Preserved lemons are readily available at Middle Eastern groceries, international groceries and specialty stores, but why buy them when you can make them yourself? All it takes are lemons, salt and patience.

Patience, because it takes a month for the salt to work its magic on the lemons. But during those four weeks your anticipation builds. You think about the taste that will await you when the lemons are ready, you start planning how to use them. You may even start to think that you are building them up too much in your mind.

Don't worry about it. Preserved lemons exceed your expectations.

Preserved lemons create strong pops of flavor anywhere they are added; they are the ultimate condiment in that they work as an accent in support of the main part of the dish.

They are also incredibly versatile. Their skin can be used to add zip to hummus (typically, only the skin is used; the pulp is usually discarded). They could add an unforeseen element to grilled vegetables or be included in a stunning vinaigrette. They can add zest, as it were, to a salad or even be used in dessert, as we shall see. Some local restaurants offer them on pizzas.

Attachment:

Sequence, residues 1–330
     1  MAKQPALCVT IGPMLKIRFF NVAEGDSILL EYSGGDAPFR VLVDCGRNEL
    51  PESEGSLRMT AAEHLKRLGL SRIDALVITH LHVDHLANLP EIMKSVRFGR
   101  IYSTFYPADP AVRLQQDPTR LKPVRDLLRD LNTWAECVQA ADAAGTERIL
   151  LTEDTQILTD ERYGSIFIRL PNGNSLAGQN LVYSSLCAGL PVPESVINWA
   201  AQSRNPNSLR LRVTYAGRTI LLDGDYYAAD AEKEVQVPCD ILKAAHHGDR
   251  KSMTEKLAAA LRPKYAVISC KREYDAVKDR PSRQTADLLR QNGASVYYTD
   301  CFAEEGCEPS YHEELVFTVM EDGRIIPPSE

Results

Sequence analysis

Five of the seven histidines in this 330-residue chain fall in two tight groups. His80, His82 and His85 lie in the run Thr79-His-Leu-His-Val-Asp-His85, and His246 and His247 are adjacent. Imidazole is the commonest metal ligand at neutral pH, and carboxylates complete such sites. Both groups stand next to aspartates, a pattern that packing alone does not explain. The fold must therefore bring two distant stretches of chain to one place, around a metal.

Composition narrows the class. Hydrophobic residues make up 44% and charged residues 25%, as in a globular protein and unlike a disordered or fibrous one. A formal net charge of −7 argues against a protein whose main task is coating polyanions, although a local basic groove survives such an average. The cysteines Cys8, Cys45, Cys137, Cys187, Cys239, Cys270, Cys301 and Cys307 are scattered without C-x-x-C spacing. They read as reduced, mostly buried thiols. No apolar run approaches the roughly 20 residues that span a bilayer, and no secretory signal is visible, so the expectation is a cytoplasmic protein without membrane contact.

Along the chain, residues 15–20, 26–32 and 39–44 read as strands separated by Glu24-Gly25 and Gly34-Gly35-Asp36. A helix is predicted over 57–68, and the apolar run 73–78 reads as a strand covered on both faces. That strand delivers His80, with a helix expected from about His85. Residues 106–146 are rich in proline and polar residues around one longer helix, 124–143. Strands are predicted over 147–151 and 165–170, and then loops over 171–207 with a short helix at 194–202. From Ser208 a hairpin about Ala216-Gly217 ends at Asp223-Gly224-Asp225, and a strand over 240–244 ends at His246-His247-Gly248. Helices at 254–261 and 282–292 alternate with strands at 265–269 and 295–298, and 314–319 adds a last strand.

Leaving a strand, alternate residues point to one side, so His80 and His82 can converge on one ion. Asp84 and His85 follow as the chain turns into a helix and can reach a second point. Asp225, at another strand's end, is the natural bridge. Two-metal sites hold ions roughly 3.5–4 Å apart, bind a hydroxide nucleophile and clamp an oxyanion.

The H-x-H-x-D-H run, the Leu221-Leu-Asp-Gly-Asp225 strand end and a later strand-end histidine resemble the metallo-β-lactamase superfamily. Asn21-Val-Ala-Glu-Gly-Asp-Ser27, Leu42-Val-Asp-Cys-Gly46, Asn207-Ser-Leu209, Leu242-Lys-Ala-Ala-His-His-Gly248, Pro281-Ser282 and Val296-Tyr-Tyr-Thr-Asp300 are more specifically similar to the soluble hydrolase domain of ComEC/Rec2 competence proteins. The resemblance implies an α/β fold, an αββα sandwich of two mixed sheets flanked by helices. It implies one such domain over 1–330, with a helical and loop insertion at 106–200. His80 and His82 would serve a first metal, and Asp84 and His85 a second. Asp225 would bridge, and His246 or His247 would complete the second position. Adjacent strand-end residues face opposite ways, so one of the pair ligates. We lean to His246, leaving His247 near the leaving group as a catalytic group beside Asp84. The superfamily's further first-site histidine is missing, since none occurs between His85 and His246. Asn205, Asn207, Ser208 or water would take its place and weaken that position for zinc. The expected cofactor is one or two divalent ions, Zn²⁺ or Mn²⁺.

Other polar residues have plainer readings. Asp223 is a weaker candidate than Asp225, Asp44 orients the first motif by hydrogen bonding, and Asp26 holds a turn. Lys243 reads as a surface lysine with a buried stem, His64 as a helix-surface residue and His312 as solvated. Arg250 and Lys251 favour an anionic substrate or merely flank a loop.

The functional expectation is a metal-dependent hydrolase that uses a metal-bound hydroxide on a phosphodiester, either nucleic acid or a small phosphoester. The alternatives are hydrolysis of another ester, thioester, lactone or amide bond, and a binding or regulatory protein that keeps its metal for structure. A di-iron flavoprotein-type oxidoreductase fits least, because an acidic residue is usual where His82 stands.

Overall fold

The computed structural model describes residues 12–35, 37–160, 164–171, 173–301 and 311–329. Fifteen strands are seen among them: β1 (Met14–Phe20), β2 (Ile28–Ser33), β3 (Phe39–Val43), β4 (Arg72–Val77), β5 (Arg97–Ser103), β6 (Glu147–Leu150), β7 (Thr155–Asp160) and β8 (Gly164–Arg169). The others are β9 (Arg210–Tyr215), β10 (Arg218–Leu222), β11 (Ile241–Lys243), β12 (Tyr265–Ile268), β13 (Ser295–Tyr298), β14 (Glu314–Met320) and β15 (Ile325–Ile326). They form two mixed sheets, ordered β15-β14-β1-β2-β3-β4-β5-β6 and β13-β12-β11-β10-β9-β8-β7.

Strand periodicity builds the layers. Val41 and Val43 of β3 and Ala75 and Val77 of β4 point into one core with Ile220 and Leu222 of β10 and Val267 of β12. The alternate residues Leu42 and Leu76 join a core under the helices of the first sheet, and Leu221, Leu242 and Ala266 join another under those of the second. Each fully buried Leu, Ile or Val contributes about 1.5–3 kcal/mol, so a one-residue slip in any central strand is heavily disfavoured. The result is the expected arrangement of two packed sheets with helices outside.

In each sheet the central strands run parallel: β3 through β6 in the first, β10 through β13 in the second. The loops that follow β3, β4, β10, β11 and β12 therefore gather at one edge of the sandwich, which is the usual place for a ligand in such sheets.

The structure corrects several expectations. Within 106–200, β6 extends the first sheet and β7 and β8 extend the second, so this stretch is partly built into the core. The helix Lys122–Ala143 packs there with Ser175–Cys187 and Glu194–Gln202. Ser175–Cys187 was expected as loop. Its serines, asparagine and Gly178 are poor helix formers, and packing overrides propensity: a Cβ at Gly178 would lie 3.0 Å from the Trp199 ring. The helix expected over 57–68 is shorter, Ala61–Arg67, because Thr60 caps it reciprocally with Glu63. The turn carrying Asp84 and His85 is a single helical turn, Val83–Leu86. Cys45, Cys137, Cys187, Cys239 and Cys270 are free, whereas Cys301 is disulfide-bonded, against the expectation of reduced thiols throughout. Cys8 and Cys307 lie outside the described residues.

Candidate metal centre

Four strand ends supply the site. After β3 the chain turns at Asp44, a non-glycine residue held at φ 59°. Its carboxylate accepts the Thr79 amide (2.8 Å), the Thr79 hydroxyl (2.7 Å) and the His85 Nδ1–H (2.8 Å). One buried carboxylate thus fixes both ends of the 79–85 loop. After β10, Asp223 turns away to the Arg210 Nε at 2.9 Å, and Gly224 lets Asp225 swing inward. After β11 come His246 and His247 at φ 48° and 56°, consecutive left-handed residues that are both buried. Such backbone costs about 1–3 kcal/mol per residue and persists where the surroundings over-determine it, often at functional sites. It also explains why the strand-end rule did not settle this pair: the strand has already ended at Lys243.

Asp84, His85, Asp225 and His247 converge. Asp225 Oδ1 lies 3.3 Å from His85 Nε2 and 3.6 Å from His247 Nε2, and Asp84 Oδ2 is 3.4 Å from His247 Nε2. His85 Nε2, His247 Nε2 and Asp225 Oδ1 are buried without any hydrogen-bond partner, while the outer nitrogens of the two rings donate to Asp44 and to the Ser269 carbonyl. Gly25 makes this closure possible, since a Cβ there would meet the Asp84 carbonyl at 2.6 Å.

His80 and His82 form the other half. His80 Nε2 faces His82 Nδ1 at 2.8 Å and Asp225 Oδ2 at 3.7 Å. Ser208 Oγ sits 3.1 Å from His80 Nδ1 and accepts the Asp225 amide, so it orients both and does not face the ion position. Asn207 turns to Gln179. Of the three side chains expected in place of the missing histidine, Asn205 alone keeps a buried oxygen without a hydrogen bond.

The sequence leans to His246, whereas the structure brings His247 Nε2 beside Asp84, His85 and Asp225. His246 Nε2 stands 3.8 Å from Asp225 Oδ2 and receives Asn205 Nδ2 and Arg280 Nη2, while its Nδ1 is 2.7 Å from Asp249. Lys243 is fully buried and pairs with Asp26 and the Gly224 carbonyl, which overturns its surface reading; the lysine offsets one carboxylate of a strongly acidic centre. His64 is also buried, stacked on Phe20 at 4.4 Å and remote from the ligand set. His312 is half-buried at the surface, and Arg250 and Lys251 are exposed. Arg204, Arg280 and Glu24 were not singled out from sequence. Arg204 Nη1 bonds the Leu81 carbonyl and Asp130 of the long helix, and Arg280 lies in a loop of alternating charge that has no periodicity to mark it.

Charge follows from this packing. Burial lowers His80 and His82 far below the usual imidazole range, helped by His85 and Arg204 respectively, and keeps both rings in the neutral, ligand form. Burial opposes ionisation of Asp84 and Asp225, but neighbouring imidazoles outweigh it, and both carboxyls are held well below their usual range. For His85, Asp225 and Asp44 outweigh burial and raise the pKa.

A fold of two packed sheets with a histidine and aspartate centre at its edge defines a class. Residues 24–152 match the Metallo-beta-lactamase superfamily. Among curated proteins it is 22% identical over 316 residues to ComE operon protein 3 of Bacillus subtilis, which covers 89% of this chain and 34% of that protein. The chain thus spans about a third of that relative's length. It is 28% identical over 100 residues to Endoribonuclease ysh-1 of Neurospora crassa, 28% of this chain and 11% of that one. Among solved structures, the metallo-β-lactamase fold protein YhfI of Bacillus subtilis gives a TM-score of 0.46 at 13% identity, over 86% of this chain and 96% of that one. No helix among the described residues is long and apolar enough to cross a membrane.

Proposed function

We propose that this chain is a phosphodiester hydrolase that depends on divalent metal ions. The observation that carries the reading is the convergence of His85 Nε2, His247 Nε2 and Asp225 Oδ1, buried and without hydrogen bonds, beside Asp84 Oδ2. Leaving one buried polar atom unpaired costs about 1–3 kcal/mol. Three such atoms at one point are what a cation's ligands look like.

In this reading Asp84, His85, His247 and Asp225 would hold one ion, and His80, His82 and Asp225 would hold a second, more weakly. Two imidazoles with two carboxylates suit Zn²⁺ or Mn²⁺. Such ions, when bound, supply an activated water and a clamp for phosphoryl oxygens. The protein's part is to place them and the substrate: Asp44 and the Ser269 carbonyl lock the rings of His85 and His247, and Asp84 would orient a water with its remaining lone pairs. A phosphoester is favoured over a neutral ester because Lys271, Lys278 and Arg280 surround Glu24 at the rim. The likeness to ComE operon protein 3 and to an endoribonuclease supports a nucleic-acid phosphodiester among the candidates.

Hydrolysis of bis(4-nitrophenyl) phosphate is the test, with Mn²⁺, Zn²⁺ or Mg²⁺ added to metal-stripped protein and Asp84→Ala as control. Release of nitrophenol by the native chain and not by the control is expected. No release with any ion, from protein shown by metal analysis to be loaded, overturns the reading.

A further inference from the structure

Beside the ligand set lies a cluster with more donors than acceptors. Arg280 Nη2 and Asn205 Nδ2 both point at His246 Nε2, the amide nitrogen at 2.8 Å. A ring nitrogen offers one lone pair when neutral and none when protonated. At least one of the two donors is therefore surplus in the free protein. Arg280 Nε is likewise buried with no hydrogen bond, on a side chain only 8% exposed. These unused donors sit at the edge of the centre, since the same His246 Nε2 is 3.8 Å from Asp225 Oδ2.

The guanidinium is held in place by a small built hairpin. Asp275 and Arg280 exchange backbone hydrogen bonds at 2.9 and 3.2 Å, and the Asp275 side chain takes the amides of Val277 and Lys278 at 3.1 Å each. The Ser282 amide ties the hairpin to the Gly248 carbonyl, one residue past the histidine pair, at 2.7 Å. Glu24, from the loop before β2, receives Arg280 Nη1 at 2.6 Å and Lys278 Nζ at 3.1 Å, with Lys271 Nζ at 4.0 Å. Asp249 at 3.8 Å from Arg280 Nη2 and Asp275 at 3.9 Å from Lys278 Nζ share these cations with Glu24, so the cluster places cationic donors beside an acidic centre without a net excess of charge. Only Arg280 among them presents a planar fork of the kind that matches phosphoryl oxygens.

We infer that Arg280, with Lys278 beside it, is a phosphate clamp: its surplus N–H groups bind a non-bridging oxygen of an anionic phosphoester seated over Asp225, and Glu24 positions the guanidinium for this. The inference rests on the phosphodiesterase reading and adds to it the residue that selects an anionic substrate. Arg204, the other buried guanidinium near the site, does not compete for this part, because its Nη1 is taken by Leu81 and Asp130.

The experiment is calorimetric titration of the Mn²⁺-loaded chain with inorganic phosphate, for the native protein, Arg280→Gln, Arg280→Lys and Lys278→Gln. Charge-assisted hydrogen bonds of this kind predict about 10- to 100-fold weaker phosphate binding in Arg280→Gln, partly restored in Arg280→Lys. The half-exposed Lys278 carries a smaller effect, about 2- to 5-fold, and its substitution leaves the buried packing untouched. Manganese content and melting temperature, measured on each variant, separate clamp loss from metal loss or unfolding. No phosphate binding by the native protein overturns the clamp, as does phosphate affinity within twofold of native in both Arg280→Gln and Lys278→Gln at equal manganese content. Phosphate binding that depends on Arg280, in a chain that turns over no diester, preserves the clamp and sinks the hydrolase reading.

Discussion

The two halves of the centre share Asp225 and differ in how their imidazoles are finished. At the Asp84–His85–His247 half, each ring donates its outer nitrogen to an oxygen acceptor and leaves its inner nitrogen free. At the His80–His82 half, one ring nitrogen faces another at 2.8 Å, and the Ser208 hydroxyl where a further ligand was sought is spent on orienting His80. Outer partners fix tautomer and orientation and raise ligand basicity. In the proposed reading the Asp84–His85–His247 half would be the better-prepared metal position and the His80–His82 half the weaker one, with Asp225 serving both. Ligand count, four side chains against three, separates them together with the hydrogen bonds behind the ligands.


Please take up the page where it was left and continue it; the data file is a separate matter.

But if there is one dish to which preserved lemons are forever connected, it is chicken tagine from Morocco. Traditionally, tagine (the food) is cooked in a tagine, an earthenware pot shaped like an upside-down funnel. The tagine pot is said to produce the best flavor in a tagine, but they can be pricey and have few or no other uses.

In their place, you can use a heavy skillet with a lid or even a shallow casserole dish that is suitable for the top of a stove.

A chicken tagine is basically a stew, with the most tender and delicious meat. What makes it a tagine are the spices: garlic, ginger, cinnamon, turmeric and cilantro, all cooked over a bed of thinly sliced red onions. All it needs are a couple of elements to provide a profile-altering counterpoint. A couple of handfuls of purple olives add salt and visual appeal, while the preserved lemons yield delicious bursts of piquant lemon flavor.



CHICKEN TAGINE WITH PRESERVED LEMON